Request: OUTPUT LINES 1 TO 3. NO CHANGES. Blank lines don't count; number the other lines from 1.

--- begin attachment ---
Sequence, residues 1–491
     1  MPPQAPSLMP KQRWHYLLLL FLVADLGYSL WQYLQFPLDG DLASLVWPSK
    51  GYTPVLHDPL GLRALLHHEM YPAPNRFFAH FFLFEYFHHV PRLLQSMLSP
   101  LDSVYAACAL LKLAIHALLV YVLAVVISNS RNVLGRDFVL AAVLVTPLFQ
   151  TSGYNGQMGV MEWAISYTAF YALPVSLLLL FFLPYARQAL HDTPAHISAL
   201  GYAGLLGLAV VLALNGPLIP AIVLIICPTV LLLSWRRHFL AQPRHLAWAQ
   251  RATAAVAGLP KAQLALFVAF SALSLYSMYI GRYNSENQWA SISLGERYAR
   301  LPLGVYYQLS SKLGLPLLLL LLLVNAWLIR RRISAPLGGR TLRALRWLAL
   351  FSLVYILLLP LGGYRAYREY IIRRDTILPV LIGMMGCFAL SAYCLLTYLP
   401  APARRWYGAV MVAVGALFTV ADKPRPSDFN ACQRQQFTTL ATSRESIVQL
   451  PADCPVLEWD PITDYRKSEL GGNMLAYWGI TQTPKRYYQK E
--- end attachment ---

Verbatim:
Sequence, residues 1–491
     1  MPPQAPSLMP KQRWHYLLLL FLVADLGYSL WQYLQFPLDG DLASLVWPSK
    51  GYTPVLHDPL GLRALLHHEM YPAPNRFFAH FFLFEYFHHV PRLLQSMLSP